2. I never get that time back. If an enrolling teacher gives up prep time to cover, often the classroom teacher will give up his/her own prep to cover a class in return. There would seem to be some give and take, give and take that doesn't extend to the teacher librarian.

3. I think it's disrespectful. I know that sounds harsh but I find that teachers will often come in the morning that they need coverage to talk to me and inform me that they need coverage. And most often it's just assumed that I'm okay covering their class. It's even more bothersome when I know it's the only time that teacher is going to approach me all year.

What it boils down to is the fact that I need to learn how to say no. I realize that the one teacher coming in to ask doesn't know that another teacher asked me the previous week, and a different teacher the week before.

Saturday, 4 February 2017

Book picks for March

Book blurbs and photos from Goodreads

1.  A List of Cages by Robin Roe

When Adam Blake lands the best elective ever in his senior year, serving as an aide to the school psychologist, he thinks he's got it made. Sure, it means a lot of sitting around, which isn't easy for a guy with ADHD, but he can't complain, since he gets to spend the period texting all his friends. Then the doctor asks him to track down the troubled freshman who keeps dodging her, and Adam discovers that the boy is Julian--the foster brother he hasn't seen in five years.

Adam is ecstatic to be reunited. At first, Julian seems like the boy he once knew. He's still kind hearted. He still writes stories and loves picture books meant for little kids. But as they spend more time together, Adam realizes that Julian is keeping secrets, like where he hides during the middle of the day, and what's really going on inside his house. Adam is determined to help him, but his involvement could cost both boys their lives.

2. We are Still Tornadoes by Michael Kun and Susan Mullen
Growing up across the street from each other, Scott and Cath have been best friends their entire lives. Cath would help Scott with his English homework, he would make her mix tapes (it's the 80's after all), and any fight they had would be forgotten over TV and cookies. But now they've graduated high school and Cath is off to college while Scott is at home pursuing his musical dreams.

During their first year apart, Scott and Cath's letters help them understand heartache, annoying roommates, family drama and the pressure to figure out what to do with the rest of their lives. And through it all, they realize that the only person they want to turn to is each other. But does that mean they should be more than friends? The only thing that's clear is that change is an inescapable part of growing up. And the friends who help us navigate it share an unshakable bond.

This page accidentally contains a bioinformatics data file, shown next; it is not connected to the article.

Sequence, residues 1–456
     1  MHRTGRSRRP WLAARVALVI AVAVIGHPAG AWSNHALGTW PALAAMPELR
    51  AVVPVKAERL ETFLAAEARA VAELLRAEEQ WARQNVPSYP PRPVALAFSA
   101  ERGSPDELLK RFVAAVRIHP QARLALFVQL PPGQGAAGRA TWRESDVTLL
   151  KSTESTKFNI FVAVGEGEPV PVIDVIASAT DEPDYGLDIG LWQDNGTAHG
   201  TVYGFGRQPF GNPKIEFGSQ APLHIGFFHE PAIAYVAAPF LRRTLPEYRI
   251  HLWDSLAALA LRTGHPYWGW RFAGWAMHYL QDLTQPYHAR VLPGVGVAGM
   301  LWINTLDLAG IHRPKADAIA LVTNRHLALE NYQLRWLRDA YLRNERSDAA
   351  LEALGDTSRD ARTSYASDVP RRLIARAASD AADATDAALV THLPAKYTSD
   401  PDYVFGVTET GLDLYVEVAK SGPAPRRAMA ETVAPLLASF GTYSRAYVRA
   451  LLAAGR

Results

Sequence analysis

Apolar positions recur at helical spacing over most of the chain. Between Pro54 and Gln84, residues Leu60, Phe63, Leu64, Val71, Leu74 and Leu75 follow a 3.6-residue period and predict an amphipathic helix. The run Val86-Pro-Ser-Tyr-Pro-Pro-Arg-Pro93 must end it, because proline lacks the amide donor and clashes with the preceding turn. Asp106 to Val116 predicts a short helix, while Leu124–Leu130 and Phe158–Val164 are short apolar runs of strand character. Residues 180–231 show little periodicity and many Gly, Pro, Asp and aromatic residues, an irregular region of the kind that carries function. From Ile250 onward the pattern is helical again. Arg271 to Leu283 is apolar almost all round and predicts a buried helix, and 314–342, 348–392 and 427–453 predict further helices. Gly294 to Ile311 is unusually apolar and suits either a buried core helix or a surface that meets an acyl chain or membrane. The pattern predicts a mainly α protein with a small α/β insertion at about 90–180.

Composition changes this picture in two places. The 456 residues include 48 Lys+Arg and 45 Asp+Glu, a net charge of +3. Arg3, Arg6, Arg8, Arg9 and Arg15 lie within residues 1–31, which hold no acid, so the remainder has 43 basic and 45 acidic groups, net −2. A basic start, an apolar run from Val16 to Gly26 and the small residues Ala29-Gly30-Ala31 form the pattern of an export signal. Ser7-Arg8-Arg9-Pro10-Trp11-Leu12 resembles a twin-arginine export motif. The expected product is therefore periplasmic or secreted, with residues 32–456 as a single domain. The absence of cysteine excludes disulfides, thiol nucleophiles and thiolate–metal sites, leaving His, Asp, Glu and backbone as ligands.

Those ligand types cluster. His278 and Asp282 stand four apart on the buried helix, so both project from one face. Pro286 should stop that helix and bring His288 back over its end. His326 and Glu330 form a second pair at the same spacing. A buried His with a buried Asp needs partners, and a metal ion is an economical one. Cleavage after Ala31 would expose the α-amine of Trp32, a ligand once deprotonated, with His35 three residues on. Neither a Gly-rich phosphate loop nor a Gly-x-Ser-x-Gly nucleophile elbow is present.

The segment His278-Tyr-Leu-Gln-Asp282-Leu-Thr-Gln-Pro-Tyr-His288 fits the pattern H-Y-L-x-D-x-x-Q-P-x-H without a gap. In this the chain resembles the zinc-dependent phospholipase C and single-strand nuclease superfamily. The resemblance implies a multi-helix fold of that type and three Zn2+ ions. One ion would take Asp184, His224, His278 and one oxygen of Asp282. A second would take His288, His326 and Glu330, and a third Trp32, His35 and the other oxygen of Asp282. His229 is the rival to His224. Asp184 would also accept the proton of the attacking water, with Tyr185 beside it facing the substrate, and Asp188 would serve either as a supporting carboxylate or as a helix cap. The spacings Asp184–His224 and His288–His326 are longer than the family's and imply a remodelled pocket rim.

3. Teach Me To Forget by Erica M. Chapman

This is the story of Ellery, a girl who learns how to live while waiting for the sate she chose to die.

Ellery's bought the gun, made arrangements for her funeral, and even picked the day. A Wednesday. Everything has fallen into place. Now all she has to do is die.

When her plans go awry and the gun she was going to kill herself with breaks, she does the one thing she has control over -- return it and get a new one. After tormenting the crusty customer service associate by trying to return the gun with the wrong receipt, Ellery gets caught by the security guard who also happens to be someone she knows--the annoyingly perfect Colter Sawyer from her English class.

4. The Odds of Loving Grover Cleveland by Rebekah Crane

According to sixteen-year-old Zander Osborne, nowhere is an actual place--and she's just fine there. But her parents insist that she get out of her head--and her home state--and attend Camp Padua, a summer camp for at risk teens.

Zander does not fit in--or so she thinks. She has only one word for her fellow campers: crazy. In fact, the whole camp population exists somewhere between disaster and diagnosis. There's her cabinmate Cassie, a self-described manic-depressive-bipolar-anorexic. Grover Cleveland (yes, like the president), a cute but confrontational boy who expects to be schizophrenic someday, odds being what they are. And Bek, a charmingly confounding pathological liar.

But amid group "share-apy" sessions and forbidden late night outings, unlikely friendships form, and as the Michigan summer heats up, the four teens begin to reveal their tragic secrets

Qs for History is All You Left Me

Q1 What were your first reactions to the book?

Q2 Did you like the dual timeline approach to storytelling?

Q3 Thoughts about Griffin? His first love, his OCD, and his grieving.

Q4 Griffin's parents were true YA parents: absent. Comment

Q5 Let's talk about Theo. Thoughts about him? And his death?

Q6 And then there's Wade. What did you like about Wade?

Q7 Favourite scene/quote?